The Challenges of Teaching Sustainability: The RCA’s Approach, by Clare Brass and Octavia Reeve: ”
Rich Gilbert’s Energy Trumps, a creative tool to think about energy at the start of the design process. They provide a fast visual reference for embodied energy to facilitate easy comparison of materials.
It is normally taken for granted that economic growth is vital for maintaining economic health, but research has shown that wellbeing depends less on material goods than on our lifestyles. The New Economics Foundation in the UK publishes a global Happy Planet Index, which measures the combination of environmental impact and wellbeing, to quantify the environmental efficiency with which—country by country—people live long and happy lives.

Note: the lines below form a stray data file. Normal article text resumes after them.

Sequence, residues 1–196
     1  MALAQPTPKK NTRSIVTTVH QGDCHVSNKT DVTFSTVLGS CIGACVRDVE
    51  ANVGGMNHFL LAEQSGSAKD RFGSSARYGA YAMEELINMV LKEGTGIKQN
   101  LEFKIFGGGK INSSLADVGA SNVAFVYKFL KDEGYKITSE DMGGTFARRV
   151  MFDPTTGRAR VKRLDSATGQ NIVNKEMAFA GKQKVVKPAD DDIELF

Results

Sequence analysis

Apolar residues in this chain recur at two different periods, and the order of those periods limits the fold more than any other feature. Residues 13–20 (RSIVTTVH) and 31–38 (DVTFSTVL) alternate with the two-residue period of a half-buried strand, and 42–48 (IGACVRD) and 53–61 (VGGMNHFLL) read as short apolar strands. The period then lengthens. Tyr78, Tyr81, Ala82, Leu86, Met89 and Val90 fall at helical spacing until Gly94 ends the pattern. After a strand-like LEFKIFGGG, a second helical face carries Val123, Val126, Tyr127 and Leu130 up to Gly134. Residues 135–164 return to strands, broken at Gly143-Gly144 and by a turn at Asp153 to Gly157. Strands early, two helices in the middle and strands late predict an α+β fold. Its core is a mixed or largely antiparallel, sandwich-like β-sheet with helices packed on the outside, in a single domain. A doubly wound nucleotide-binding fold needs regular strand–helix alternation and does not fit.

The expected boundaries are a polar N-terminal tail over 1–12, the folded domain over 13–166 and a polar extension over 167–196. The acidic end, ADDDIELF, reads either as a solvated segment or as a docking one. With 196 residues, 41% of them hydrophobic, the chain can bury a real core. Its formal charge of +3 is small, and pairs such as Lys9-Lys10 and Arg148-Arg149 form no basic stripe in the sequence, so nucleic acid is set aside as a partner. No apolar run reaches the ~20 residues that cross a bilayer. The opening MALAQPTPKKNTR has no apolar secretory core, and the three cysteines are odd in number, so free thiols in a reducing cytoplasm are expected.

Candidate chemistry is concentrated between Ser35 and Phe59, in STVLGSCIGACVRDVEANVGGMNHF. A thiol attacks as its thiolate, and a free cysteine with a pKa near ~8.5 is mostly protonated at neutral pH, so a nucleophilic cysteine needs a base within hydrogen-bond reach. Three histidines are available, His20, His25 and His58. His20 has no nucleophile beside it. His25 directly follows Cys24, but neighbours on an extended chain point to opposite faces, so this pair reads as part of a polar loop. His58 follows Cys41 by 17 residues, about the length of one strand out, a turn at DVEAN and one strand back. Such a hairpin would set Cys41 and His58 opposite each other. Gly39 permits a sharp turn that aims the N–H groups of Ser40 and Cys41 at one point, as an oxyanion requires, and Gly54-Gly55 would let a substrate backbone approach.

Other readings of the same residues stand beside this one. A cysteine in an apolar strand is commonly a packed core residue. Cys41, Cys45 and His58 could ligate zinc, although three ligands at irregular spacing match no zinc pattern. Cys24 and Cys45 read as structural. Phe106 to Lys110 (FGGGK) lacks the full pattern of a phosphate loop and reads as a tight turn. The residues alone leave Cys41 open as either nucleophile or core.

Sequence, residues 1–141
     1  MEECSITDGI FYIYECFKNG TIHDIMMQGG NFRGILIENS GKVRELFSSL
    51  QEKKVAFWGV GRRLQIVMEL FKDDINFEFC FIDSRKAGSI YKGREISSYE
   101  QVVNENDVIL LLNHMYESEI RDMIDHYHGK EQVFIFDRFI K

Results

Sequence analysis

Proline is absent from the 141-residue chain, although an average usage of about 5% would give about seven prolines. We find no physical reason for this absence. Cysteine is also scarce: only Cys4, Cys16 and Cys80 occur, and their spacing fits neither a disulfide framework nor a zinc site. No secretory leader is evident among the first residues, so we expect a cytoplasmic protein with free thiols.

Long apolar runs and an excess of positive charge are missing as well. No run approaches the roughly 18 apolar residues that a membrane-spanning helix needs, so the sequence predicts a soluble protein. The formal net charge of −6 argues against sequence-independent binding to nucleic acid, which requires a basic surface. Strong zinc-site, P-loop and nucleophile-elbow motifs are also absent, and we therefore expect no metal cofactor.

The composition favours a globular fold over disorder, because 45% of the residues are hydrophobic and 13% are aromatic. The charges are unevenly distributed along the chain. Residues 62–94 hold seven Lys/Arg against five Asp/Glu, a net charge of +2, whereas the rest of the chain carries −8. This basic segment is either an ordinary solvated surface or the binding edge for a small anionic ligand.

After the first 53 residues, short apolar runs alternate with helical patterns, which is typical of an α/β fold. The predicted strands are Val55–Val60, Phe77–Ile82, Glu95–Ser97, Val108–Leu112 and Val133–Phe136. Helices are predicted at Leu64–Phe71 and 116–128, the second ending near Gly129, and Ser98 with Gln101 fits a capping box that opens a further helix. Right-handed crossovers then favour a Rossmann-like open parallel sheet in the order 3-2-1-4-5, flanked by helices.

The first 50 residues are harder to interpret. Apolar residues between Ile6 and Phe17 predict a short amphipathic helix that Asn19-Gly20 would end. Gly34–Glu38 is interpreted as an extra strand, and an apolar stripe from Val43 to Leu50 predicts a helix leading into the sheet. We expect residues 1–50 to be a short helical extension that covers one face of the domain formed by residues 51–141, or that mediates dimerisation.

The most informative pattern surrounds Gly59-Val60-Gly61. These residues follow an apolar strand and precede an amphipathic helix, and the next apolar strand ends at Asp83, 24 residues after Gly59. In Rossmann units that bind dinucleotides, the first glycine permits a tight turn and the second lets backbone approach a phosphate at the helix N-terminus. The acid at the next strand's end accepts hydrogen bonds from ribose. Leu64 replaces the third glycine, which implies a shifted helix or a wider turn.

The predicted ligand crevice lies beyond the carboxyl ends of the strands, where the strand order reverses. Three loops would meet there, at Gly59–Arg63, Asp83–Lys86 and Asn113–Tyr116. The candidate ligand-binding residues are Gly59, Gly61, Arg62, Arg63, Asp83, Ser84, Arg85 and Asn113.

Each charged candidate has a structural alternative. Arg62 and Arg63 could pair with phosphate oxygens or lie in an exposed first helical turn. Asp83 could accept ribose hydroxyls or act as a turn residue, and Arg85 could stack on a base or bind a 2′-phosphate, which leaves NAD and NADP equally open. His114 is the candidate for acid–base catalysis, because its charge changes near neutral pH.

So what can we as educators do to enhance those valuable skills that designers have and get them using those skills to redesign not only the products that we buy but also the lifestyles that we live and the systems that organise our lives, making them better for people? Design education needs to position itself in such a way that designers are trained to design good customer experiences with the lowest possible environmental impact.
We encourage our students to aim their designs at people not industry. We believe that designers can play a valuable role in the difficult but necessary process of changing consumer attitudes and values by articulating new desires and dreams.
Conventional design education trains designers to drive consumerism, which drives growth, and is the established way of achieving prosperity; like many art and design institutions the Royal College of Art is beginning to grapple with the apparent contradiction in the sustainability debate, and is looking for ways to encourage students to explore what this might mean in both their work and their future lives.